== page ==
This is a guest post from Charlotte Dimond from Yorkshire-based virtual agency Sidekick PR. Charlotte is a Chartered PR professional with more than 20 experience of agency life.
Misinformation and disinformation existed long before social media came into being but now, thanks to the reach and immediacy of the platforms, the spread of factually incorrect information has been amplified and it has become so dangerous that it could have a major impact on public health, safety, and business.
The difference between misinformation and disinformation is intent. Simply put, misinformation is described as the unintentional sharing of factually incorrect information without malice and disinformation as the deliberate creating and/or sharing of factually incorrect information, to get people to believe something or behave in a certain way.
This guest blog post will discuss how we can tackle misinformation and disinformation and what the platforms are doing to help.
1. Don’t share misinformation
In the past year we’ve seen misinformation shared widely on a number of topics from elections to Covid-19 and mask wearing to vaccines. Sadly, disinformation campaigns have been created to influence opinion on all those topics and more.
So, what do we do? Don’t share information without thinking! The last thing you want to do as a PR professional is to be sharing false information.
The platforms have finally started to introduce changes to make the user think before sharing information. Twitter is trying to make people think twice before they share articles they have not read. Users about to click retweet without having read an article are now asked if they want to read the article before they retweet it.
Read the link, don’t just retweet – but as well as reading the information, check out the credibility. Which leads me to my next point.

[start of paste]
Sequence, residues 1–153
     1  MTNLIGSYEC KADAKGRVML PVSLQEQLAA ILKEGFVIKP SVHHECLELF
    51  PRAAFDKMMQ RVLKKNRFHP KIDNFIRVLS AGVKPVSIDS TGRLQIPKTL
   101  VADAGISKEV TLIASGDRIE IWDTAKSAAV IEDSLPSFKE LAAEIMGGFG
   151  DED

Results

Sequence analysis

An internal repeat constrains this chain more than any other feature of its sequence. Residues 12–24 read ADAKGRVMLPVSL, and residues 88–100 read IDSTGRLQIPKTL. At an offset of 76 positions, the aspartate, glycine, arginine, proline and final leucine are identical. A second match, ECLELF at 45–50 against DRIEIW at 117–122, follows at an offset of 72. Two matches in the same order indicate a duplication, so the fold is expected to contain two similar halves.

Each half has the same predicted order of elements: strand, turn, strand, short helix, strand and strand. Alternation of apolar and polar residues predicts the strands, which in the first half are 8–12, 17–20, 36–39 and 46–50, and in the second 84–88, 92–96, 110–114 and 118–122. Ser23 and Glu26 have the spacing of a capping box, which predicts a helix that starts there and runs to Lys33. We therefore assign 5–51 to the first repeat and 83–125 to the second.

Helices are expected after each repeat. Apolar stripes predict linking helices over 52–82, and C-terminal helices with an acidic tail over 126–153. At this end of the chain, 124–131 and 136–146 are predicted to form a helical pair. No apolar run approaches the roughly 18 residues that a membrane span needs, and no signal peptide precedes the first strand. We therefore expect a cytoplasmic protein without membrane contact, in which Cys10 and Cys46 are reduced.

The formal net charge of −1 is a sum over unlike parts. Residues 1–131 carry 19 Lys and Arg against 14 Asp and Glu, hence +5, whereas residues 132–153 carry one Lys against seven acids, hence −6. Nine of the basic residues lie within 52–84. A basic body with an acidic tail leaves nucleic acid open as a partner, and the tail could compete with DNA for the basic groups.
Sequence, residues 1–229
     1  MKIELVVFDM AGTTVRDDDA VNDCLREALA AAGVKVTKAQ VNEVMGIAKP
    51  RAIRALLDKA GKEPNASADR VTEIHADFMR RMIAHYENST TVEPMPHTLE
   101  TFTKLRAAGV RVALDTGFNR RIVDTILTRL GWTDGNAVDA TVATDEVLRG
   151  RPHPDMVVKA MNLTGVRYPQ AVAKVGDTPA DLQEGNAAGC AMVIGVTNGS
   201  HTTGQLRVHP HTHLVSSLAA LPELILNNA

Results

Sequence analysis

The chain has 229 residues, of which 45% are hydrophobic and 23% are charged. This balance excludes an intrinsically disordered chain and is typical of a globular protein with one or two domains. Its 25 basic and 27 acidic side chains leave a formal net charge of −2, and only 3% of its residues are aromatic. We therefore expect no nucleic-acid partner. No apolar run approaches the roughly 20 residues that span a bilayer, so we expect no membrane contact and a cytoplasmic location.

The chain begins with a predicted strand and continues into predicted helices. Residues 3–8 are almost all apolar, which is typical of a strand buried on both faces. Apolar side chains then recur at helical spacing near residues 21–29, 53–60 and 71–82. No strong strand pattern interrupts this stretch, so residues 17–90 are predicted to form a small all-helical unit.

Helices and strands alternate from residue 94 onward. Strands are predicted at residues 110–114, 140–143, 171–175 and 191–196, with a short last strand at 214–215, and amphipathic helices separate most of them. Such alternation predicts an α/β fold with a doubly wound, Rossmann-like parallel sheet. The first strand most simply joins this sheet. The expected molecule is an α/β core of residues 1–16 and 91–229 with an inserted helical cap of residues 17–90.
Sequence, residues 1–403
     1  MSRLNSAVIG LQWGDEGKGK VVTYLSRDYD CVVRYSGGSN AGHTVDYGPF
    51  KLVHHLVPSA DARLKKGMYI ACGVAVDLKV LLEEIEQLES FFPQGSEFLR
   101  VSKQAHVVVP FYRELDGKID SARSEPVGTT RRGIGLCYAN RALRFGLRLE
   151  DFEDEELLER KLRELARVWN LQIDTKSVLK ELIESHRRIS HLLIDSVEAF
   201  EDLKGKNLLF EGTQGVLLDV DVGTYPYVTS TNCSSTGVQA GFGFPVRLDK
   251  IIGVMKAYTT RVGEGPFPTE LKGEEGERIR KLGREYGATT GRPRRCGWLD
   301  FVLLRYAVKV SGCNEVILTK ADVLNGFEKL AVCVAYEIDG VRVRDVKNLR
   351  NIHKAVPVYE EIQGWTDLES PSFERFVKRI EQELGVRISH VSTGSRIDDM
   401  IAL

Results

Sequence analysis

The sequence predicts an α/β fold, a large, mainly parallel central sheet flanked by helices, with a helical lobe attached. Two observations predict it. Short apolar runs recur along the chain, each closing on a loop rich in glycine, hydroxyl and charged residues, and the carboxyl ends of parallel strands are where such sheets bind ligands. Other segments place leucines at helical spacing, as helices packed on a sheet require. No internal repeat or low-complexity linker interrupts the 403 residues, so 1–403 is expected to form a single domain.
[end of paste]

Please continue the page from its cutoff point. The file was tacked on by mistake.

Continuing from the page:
2. Check the source
Where does the information come from? Is it a trusted source? Can you be sure it is factually correct? If in doubt don’t share it.
The amount of times family members and friends send me information and say ‘have you read this? Can you believe this?’ and a quick search shows it is deemed to be fake news, factually incorrect information, or basic twaddle, is quite worrying.
Don’t just accept the information that is appearing on your timeline as fact. Question it.
3. What can we do?
Work with your organisation to be the trusted voice people need. Be open, honest, and timely with your communications, this will help if you are faced with misinformation or disinformation. If people trust you, because you’ve built that reputation for telling the truth, not shying away from problems and dealing with issues you’ll be in a better position to tackle incorrect information from random sources.
If you want to measure how successful a campaign has been, there are umpteen tools and frameworks out there to help, if you have an ethical query there are models, ethics trees and guidelines to help, but as an industry we’re not there yet with the strategic guidance and support that is needed for practitioners on tackling misinformation and disinformation.
Research is desperately needed in this area to help us to equip ourselves with the information and tools to provide the best counsel.
So for now, be the trusted voice and make sure that the truth is out there.